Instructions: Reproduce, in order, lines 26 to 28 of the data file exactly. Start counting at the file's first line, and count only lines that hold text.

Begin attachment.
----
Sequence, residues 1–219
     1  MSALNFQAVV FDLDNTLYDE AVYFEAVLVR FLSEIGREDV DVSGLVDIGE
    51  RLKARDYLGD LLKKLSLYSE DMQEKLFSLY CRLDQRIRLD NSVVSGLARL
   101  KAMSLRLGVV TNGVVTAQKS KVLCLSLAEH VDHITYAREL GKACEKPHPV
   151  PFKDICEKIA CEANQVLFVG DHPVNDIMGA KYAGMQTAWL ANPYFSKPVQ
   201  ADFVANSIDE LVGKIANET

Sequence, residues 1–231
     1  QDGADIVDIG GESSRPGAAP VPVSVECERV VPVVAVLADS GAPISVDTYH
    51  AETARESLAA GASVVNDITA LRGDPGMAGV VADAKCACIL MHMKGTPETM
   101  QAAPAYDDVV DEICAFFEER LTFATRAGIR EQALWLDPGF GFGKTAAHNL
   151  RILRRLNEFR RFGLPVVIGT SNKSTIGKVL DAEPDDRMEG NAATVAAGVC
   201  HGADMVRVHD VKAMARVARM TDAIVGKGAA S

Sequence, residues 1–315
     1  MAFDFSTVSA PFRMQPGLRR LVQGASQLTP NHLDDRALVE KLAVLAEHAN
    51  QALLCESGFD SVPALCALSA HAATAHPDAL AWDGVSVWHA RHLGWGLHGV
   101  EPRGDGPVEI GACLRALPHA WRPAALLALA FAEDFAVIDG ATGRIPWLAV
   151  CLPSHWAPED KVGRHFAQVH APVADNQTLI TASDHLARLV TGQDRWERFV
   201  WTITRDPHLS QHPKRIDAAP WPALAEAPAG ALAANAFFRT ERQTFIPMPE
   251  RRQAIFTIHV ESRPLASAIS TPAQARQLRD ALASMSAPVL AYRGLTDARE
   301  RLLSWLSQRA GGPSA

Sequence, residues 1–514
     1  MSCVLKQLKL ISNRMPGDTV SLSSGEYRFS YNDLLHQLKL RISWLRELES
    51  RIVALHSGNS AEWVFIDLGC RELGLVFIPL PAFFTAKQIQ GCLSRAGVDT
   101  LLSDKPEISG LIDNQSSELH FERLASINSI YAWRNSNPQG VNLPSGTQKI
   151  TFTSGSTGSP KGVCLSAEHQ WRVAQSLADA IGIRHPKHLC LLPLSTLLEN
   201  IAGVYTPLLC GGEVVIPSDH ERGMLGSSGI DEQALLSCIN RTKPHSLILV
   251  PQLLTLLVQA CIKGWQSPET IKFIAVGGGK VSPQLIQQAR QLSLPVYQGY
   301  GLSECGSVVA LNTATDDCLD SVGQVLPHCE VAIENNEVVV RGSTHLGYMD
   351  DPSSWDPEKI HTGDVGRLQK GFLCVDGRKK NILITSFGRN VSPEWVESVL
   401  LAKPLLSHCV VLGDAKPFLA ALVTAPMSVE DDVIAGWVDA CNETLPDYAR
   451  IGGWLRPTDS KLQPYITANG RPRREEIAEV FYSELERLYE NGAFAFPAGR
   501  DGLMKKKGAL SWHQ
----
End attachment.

   201  IAGVYTPLLC GGEVVIPSDH ERGMLGSSGI DEQALLSCIN RTKPHSLILV
   251  PQLLTLLVQA CIKGWQSPET IKFIAVGGGK VSPQLIQQAR QLSLPVYQGY
   301  GLSECGSVVA LNTATDDCLD SVGQVLPHCE VAIENNEVVV RGSTHLGYMD